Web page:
In a stark counterpoint to the calls for peace from Dublin, four Catholic workmen died in a particularly cold-blooded attack when loyalist gunmen poured automatic gunfire into their van in a quiet Co Londonderry seaside village.
Last night one man was killed and another injured in what appeared to be a loyalist shooting in a Catholic district of west Belfast. The men were outside a coal shop, when gunmen drew up in a car and opened fire. The dead man was named by friends as Dee Walsh, 18, from west Belfast.
In another development, the IRA agreed to a request to meet Gordon Wilson, the Fermanagh businessman whose daughter Marie was killed by the IRA's Enniskillen bombing in 1987. This was described as a ray of hope by the Republic's Minister for Justice, Maire Geoghegan-Quinn.
Despite the flood of condemnation in the wake of the Warrington bombings, it is not considered conceivable that the IRA is contemplating any ceasefire. The deaths it caused in Warrington have however put the organisation under considerable pressure from its more faint-hearted supporters, who find no fault with military casualties but tend to draw the line at civilian deaths. However, the chief effect on IRA support is being felt in the south rather than the more battle-hardened north.
The effect of Warrington has already been lessened by an increase in loyalist violence, which culminated in yesterday's multiple killings in the village of Castlerock. The banned Ulster Defence Association admitted the killings, saying the men were republicans, and warning of its intention to intensify its campaign of violence.
Five workmen had just arrived in their van at a housing estate where they have for some months been carrying out renovation work. At least two gunmen jumped out of another vehicle and sprayed the van with bullets, fatally wounding four of the workers and seriously injuring the fifth. Witnesses told of finding bodies inside and outside the van, and of hearing men screaming.
Those killed were James McKenna and James Kelly, of Maghera; Gerry Dalrymple, of Rasharkin; and Noel Kane, of Swatragh. They were described by their employer as 'good, decent, hard-working men'. A Sinn Fein councillor, Patsy Groogan, said: 'These men were regularly stopped and harassed by the British forces. I have no doubt that this behaviour played a part in targeting these men for assassination.'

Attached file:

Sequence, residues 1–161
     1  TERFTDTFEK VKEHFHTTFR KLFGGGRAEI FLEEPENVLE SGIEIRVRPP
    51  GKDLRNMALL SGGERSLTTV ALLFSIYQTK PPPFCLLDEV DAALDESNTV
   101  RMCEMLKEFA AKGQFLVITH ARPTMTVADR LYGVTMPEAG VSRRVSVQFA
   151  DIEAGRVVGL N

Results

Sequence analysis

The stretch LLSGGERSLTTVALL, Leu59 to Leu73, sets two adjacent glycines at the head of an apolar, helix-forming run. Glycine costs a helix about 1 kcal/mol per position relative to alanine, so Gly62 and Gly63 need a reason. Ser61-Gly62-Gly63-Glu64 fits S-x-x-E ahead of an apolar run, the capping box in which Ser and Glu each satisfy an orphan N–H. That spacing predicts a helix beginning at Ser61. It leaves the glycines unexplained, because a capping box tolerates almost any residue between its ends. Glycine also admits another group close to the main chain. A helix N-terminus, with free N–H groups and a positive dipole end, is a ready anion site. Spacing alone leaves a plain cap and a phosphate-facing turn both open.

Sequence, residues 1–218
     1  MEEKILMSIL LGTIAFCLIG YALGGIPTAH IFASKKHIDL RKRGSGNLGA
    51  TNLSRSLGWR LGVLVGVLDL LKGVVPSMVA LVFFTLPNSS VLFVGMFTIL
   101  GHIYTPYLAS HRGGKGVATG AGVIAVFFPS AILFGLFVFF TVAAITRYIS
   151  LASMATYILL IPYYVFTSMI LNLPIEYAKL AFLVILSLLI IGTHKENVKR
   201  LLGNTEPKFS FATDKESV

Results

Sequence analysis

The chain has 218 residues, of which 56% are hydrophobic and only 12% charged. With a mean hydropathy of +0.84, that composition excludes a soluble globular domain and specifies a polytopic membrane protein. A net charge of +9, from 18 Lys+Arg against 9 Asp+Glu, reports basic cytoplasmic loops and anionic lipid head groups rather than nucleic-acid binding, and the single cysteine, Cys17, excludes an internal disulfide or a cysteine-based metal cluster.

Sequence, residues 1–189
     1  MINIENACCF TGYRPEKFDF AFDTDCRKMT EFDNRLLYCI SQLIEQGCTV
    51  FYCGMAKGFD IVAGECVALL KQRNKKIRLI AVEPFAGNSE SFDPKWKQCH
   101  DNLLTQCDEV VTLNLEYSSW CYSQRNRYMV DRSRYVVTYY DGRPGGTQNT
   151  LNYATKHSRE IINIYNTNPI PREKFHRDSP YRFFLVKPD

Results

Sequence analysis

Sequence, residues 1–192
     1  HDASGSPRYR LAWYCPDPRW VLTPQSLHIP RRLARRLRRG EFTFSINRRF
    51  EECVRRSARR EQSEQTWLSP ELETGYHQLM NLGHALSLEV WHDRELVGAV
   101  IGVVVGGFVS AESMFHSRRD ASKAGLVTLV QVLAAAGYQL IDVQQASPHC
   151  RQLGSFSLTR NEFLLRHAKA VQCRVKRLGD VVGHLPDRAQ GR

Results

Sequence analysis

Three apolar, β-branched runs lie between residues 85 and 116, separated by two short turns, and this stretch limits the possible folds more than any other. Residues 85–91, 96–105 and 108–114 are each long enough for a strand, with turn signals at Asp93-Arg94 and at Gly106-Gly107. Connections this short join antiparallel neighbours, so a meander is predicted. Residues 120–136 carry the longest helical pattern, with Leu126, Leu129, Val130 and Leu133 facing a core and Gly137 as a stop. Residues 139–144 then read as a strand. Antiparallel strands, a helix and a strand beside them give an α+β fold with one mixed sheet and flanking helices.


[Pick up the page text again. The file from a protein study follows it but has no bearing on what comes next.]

The recent build-up of loyalist violence saw overnight UDA grenade and firebomb attacks on the homes of Sinn Fein and SDLP councillors in Belfast and Banbridge, Co Down. On Wednesday a Sinn Fein member was shot dead as he arrived at work in west Belfast.
The UDA stressed that it regards as the enemy not just republican organisations such as Sinn Fein and the IRA but also constitutional parties such as the SDLP, which it described as part of a 'pan-nationalist front'. A statement warned: 'So long as the SDLP continue to exercise a veto on political progress in Ulster, courtesy of IRA violence, and so long as Sinn Fein/IRA continue to act as the military wing of Irish nationalism, then so long will our war against them continue and intensify.'
Loyalist attacks on republicans and Catholics traditionally serve to ease pressure on the IRA, which can more easily present itself as the defender of the nationalist community in Northern Ireland. The loyalist violence has drawn widespread condemnation from political and church figures.
The decision of the IRA to meet Mr Wilson is not a surprise. The standard rhetoric of the IRA and Sinn Fein includes regular declarations that republicans are ready to talk to anyone at any time in the cause of lasting peace.
Republicans are particularly sensitive to Mr Wilson, being aware that he is a living reminder of civilian casualties inflicted by the IRA. Thus a letter from a Sinn Fein councillor, Mitchell McLaughlin, to Mr Wilson yesterday referred to 'the esteem and status that you enjoy in Irish society' and praised his courage.
Victim's father to meet IRA, page 2
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